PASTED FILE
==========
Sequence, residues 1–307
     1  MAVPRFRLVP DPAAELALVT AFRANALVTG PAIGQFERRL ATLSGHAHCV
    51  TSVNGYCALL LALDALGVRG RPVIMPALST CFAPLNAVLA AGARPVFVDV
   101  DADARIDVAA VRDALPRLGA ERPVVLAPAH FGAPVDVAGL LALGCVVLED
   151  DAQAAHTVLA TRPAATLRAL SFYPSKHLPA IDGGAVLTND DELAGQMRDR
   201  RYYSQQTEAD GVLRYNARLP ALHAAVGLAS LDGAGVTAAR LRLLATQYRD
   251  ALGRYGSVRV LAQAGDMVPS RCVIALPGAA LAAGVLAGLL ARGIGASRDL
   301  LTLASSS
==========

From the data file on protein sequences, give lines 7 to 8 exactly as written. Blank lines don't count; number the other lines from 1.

   251  ALGRYGSVRV LAQAGDMVPS RCVIALPGAA LAAGVLAGLL ARGIGASRDL
   301  LTLASSS